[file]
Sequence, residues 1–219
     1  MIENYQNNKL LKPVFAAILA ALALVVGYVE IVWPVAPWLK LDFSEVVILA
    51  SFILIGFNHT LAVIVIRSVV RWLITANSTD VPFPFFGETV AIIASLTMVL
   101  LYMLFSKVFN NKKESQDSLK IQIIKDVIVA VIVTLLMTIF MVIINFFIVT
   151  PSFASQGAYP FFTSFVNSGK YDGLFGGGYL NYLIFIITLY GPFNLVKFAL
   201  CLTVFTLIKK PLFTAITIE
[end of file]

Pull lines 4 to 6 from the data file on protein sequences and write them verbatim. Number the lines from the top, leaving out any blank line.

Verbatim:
   101  LYMLFSKVFN NKKESQDSLK IQIIKDVIVA VIVTLLMTIF MVIINFFIVT
   151  PSFASQGAYP FFTSFVNSGK YDGLFGGGYL NYLIFIITLY GPFNLVKFAL
   201  CLTVFTLIKK PLFTAITIE